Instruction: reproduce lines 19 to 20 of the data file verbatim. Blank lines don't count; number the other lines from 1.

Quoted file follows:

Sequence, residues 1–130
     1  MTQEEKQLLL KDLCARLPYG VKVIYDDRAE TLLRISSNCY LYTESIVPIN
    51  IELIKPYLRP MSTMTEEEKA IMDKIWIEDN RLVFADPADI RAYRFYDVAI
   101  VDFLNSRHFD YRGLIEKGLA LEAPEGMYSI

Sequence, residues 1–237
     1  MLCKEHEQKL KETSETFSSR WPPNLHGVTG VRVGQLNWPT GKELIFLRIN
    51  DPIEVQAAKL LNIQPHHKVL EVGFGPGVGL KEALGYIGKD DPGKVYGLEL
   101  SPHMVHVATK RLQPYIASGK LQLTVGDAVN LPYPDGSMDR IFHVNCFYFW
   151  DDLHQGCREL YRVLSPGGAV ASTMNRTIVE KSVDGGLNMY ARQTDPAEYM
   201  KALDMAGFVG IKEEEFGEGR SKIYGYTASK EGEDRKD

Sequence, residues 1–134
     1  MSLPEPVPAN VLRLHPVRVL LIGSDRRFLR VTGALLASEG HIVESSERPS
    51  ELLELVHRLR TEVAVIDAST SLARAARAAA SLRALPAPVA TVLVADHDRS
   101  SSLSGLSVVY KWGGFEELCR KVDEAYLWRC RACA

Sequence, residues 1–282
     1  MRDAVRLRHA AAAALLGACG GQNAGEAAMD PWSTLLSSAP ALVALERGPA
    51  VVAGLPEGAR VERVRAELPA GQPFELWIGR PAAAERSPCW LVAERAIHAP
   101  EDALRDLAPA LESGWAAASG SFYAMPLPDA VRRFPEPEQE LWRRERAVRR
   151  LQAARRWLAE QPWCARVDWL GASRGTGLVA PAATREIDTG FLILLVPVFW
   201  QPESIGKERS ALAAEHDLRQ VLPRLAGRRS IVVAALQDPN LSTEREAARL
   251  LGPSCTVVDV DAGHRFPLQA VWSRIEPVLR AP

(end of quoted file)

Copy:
   151  LQAARRWLAE QPWCARVDWL GASRGTGLVA PAATREIDTG FLILLVPVFW
   201  QPESIGKERS ALAAEHDLRQ VLPRLAGRRS IVVAALQDPN LSTEREAARL